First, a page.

CHICAGO (AP) – Gov. J.B. Pritzker ordered roughly $700 million in budget cuts Tuesday, saying Illinois faces a $3.9 billion shortfall fueled by the COVID-19 pandemic.
The agency cuts include a hiring freeze, reduced overtime and grant reductions, which don’t require legislative approval.
The first-term Democrat had predicted painful reductions after voters rejected a graduated income tax plan in November. Pritzker had pitched it as a way to pay down backlogged bills, debt and address revenue gaps legislators had hoped federal pandemic relief would fill. The new system, which would have taken effect Jan. 1, was estimated to generate $3 billion more annually.
“Because tax fairness was taken of the table, there will be a real human impact here,” Pritzker told reporters at a Chicago new conference. “While we’ve scoured the budget for ways to cause the least pain, I’m sorry to say that we simply cannot prevent these losses from touching the real lives of our residents.”
He blasted Republicans and others who fought the tax amendment in a costly campaign. Critics deemed the change from the current flat-rate income tax as a blank check for Democrats.
House Republican Leader Jim Durkin called it a self-inflicted problem, with a budget approved by the Democrat-run House and Senate that was heavily reliant on the hope for federal assistance.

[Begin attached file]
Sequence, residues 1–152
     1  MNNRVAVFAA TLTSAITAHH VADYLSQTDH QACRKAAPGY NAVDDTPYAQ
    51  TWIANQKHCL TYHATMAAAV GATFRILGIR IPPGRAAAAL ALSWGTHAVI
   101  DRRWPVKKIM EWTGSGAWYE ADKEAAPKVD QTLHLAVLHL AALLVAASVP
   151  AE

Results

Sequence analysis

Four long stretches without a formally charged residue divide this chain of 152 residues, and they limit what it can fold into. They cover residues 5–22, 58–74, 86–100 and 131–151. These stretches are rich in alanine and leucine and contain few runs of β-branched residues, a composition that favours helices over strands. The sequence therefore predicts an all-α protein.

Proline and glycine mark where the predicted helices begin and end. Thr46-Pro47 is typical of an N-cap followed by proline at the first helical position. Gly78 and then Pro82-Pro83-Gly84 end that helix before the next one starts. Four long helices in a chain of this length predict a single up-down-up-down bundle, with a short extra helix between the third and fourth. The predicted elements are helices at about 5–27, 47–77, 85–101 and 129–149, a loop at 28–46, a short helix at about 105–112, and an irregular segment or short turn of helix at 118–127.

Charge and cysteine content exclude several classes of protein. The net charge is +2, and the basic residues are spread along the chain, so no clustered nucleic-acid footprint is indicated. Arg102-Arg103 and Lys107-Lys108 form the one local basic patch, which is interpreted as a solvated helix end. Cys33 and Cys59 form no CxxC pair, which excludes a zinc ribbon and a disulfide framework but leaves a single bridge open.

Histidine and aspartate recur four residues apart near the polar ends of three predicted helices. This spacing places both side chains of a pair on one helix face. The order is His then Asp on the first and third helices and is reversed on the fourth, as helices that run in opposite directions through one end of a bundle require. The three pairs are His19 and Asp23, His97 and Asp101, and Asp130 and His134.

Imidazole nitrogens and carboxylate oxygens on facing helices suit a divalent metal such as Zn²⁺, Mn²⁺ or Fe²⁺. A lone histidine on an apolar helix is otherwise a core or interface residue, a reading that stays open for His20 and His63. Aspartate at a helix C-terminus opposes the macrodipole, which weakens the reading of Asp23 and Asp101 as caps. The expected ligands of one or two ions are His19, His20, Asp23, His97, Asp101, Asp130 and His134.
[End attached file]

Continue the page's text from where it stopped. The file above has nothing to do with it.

“Instead of living within our means, they attempted to trick voters into raising taxes, and were sorely rejected by Democrat, Republican and Independent voters across the state,” Durkin said in a statement.
Roughly $2 billion of the current deficient is because of a pandemic-related revenue shortfall, Pritzker said. Illinois also has a long history of fiscal issues, including unfunded pension liability.
Under the cuts, the Department of Human Services will see a $126 million reduction with a hiring freeze, less overtime and reduced grants. Also included is a $68 million reduction at the Department of Transportation, which means less money for buying equipment.
Pritzker said he also plans to look for cost savings with the state’s Department of Corrections, which has seen fewer inmates and work with Illinois’ largest public-sector union to make $75 million in personnel changes, including furlough days.
However, Nell McNamara, a spokeswoman for the American Federation of State, County and Municipal Employees Council 31, said state employees have “already sacrificed so much in our current public health crisis” and shouldn’t “bear an outsized share of the burden of fixing the state’s fiscal crisis as well.”
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